Blue Heron in flight

Tuesday, August 11, 2009


I saw an interesting bird this morning. Reedy thin, with a typically aquiline beak, it is easily identified by its distinctive plumage.

The species tends to nest in familiar places, often sighted in Darian, West Palm and Amagansett as well as Dallas and La Quinta on it's western migration.

I am in Santa Fe, and a wonderful specimen is sitting nary twenty feet from me at the La Fonda Hotel, and I am careful not to startle her with my conscious attention.

You first notice the perfect nails, the short Hyannis haircut pulled sensibly behind the ears and the expensive handbag that must have cost several month's wages.

The female prefers to dress in khaki and light pastels. Jewelry is always gold, never silver and earrings are usually so small as to escape attention. Comfortable flats are another required addition to the finished costume.

Breasts tend to be small or nonexistent on the female. Perhaps the male requires this so that he will not have to devote undue attention to guarding his catch from more aggressive members of his flock. There is very little outward display of sexuality and the partnership tends to dress androgynously.

The male is usually much older and is often buried behind the New York or the Financial Times. Rarely do you ever hear actual communication between the two parties. One may pause to wonder if her role is that of an actual partner or a necessary fashion accessory?

I assume that the avian in question is the second wife in most cases. Plucked from the vigor and full bloom of youth by the male of the species, the female seems to bear the inequity of their comparative libido and age difference with dignity and general acquiescence.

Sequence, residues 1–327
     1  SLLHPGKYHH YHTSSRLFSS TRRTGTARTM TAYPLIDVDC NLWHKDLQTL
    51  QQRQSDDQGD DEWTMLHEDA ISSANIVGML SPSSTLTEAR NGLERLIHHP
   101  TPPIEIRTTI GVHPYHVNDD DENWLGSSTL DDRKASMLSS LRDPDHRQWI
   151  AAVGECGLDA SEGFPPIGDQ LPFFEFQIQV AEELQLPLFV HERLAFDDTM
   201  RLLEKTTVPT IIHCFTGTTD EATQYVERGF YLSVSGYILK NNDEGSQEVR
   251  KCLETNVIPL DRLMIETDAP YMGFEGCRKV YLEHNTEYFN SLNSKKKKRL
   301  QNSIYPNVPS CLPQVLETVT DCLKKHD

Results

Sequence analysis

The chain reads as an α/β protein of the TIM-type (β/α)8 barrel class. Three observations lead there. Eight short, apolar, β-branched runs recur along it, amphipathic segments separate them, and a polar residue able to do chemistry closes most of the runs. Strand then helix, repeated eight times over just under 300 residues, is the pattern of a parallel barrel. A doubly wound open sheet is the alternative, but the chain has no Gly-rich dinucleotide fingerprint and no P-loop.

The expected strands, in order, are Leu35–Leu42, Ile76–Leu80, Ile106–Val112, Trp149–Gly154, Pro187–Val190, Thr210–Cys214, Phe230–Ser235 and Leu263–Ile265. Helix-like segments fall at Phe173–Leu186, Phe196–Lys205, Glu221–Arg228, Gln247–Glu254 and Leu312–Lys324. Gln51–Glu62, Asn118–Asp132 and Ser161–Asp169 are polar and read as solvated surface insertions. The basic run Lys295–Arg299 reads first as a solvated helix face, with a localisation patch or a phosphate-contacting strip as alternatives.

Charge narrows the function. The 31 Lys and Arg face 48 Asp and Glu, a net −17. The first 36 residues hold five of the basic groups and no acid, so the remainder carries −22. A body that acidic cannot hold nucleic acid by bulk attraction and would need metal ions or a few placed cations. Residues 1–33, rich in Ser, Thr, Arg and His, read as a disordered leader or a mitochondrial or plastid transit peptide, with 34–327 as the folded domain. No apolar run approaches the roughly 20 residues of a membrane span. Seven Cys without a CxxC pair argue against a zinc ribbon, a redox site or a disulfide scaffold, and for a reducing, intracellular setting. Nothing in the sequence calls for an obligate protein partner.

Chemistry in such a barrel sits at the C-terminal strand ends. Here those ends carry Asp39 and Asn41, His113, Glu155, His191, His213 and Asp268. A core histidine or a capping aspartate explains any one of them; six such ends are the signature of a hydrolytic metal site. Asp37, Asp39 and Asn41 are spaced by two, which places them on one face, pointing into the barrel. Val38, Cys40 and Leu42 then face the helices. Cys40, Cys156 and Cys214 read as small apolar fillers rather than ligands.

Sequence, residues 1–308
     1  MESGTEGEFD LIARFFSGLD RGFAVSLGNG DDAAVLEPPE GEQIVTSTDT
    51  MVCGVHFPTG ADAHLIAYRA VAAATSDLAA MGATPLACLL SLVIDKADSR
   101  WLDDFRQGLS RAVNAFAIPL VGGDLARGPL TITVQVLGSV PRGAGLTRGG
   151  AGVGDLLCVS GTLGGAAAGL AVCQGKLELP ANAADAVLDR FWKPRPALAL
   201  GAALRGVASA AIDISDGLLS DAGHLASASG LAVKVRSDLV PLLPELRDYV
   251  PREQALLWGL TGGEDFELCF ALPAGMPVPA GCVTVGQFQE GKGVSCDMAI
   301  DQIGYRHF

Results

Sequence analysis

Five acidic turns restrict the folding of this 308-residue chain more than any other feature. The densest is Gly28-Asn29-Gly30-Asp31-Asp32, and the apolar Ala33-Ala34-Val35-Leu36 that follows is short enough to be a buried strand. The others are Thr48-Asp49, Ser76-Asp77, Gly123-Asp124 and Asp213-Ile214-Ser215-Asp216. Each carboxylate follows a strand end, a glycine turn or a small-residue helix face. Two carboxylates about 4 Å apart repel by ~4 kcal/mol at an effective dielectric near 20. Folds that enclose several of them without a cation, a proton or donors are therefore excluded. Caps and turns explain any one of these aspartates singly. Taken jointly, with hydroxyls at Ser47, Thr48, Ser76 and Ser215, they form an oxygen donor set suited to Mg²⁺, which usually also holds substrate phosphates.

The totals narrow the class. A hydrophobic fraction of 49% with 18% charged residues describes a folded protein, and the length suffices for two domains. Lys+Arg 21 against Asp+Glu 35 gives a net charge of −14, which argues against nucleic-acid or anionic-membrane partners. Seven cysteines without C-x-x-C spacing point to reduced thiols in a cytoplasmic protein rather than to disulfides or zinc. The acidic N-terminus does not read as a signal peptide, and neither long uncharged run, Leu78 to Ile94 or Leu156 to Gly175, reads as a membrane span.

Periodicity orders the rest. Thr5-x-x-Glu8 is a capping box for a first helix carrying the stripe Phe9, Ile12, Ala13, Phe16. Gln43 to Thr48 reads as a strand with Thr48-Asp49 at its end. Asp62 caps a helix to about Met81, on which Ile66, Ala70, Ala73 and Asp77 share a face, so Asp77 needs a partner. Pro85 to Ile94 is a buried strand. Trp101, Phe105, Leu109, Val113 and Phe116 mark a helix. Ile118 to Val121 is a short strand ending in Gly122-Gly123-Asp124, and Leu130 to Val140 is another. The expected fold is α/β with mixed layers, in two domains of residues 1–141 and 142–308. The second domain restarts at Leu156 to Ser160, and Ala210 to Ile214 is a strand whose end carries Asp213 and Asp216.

These females tend to seek out male partners who exhibit great intelligence and exude enormous power in their chosen field, often related to politics, money and finance. Alan Greenspan and Henry Kissinger are two examples of the type of mate favored by the distaff member of the dyad, males that while lacking certain physical attributes of other members of the species, offer a heady entree into the corridors of power and second homes in tony ski villages and vacation spots.

Many of the females are exceedingly intelligent. A friend has a sister who has all the aforementioned attributes in chalk. She researched and found that the highest per capita income in the United States belonged to fly fisherman, and diligently pursued the sport. She landed her catch up in Idaho and can now live comfortably in the life style she has long desired.

All relationships promise some kind of deal, please do not think me excessively harsh and critical. A bird may be enraptured with a potential mate's exotic coloration, or the slope of their long spindly legs. An alpha male that has vanquished it's many competitors in life's combat drill must be an intoxicating aphrodisiac to a lone female that desires security for herself and her brood.

These pairs, like snow geese and herons, tend to mate for life. So have some pity and understanding for the young female who suffers silently and stands two steps behind her aging partner. Her life too has been surrendered for the bargain she has made.